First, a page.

Ty's review did cover all the nuts and bolts of the unit's operation, so I wont go over all of that here.
I got a newer B-series model....the only difference that I am aware of is the switchable mic/line output....so if you wanna feed mic level, say to an old XL-1, you dont need pads; just flip the switch - I think thats a nice improvement, bringing the feature set up to a more professional level.

Regarding the limiter.....I ran into the same oddity as I brought up the level and got the limiter to crank in, which was a disparity between left and right that increased as the level increased....I was unable to overcome this by tweaking the mixer, but it is only really apparent when using tone(as far as I can tell) and only when raising the level beyond 0 db on the mixer....this disparity is only APPARENT since the signal I was metering on the end of my chain(a video camera with PPM metering) displayed the lower of the signals on both of it's channels. This was AFTER I set the limiter threshold.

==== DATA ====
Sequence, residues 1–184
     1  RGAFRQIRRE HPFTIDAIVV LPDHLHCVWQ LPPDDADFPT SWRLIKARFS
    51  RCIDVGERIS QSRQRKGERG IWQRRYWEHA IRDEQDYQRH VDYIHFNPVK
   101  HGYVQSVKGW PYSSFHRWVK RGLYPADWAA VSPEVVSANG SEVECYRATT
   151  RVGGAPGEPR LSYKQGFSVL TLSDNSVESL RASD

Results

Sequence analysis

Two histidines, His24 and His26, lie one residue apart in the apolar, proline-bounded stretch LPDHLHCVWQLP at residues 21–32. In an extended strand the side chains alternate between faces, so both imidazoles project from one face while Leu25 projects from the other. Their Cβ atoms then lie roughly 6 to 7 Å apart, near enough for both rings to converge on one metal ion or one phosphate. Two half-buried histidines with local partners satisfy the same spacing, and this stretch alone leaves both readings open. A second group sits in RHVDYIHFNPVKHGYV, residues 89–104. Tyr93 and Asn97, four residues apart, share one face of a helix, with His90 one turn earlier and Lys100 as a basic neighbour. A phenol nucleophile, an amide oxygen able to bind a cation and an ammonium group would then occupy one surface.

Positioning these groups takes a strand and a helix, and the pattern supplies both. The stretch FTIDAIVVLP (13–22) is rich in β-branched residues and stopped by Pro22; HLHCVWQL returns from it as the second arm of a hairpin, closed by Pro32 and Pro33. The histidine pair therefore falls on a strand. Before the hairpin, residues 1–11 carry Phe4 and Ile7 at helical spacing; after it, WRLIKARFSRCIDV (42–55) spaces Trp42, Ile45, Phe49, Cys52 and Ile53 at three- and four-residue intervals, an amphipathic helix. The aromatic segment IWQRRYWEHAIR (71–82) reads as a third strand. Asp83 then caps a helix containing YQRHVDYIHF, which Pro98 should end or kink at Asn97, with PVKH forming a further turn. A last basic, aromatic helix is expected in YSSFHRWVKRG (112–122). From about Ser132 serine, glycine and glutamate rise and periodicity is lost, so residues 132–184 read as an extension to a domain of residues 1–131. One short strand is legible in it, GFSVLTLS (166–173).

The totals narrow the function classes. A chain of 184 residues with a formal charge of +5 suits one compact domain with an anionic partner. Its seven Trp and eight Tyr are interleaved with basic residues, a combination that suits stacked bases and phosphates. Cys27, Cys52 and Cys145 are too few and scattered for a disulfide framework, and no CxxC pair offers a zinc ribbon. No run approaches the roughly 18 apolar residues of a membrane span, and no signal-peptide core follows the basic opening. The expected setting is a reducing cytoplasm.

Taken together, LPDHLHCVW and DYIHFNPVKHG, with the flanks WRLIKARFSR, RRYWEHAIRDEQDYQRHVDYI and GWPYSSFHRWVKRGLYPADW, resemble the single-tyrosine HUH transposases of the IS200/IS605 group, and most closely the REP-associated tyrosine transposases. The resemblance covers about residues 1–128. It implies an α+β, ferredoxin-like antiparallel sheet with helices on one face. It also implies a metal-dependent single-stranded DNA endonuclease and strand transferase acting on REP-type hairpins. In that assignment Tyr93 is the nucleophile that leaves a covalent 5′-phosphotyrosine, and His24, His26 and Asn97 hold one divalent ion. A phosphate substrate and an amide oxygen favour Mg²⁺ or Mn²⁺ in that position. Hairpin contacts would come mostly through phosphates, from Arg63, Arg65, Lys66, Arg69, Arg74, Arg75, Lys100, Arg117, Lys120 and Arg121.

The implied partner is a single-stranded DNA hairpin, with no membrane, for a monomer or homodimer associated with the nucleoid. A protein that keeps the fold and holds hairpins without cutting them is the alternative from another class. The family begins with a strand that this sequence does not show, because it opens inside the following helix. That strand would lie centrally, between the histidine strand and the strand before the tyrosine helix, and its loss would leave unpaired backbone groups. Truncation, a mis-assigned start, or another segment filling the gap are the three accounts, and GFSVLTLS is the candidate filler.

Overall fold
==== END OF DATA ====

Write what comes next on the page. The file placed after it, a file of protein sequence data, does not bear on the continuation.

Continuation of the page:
I sent an e-mail to Sign Video, and they had their design engineer contact me regarding the operation and tweaking of the limiter, which as it turns out, is user adjustable.
heres what I was told regardig adjusting the limiter:


"The limiter in the ENG-44 is really a fast gain control that takes over a bit
beyond 22DBu to keep signal clipping (hence excessive distortion) from occurring in the output stages of the mixer.

Via the internal adjustment, the point at which limiting starts can be adjusted
from nil to excessively "early" (well within normal operating signal levels). "